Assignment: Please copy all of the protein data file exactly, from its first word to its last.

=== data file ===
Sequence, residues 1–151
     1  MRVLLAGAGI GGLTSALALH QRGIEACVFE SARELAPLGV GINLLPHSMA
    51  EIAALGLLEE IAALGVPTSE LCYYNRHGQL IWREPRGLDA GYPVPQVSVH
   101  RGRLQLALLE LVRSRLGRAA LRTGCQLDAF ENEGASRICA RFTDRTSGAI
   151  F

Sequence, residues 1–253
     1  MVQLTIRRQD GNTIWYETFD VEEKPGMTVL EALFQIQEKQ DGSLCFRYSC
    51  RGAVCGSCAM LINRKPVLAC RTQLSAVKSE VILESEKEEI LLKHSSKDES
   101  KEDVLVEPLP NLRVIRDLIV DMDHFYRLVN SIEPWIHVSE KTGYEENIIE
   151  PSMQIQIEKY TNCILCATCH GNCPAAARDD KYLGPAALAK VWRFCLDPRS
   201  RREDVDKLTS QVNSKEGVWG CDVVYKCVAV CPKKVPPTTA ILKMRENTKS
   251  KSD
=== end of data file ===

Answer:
Sequence, residues 1–151
     1  MRVLLAGAGI GGLTSALALH QRGIEACVFE SARELAPLGV GINLLPHSMA
    51  EIAALGLLEE IAALGVPTSE LCYYNRHGQL IWREPRGLDA GYPVPQVSVH
   101  RGRLQLALLE LVRSRLGRAA LRTGCQLDAF ENEGASRICA RFTDRTSGAI
   151  F

Sequence, residues 1–253
     1  MVQLTIRRQD GNTIWYETFD VEEKPGMTVL EALFQIQEKQ DGSLCFRYSC
    51  RGAVCGSCAM LINRKPVLAC RTQLSAVKSE VILESEKEEI LLKHSSKDES
   101  KEDVLVEPLP NLRVIRDLIV DMDHFYRLVN SIEPWIHVSE KTGYEENIIE
   151  PSMQIQIEKY TNCILCATCH GNCPAAARDD KYLGPAALAK VWRFCLDPRS
   201  RREDVDKLTS QVNSKEGVWG CDVVYKCVAV CPKKVPPTTA ILKMRENTKS
   251  KSD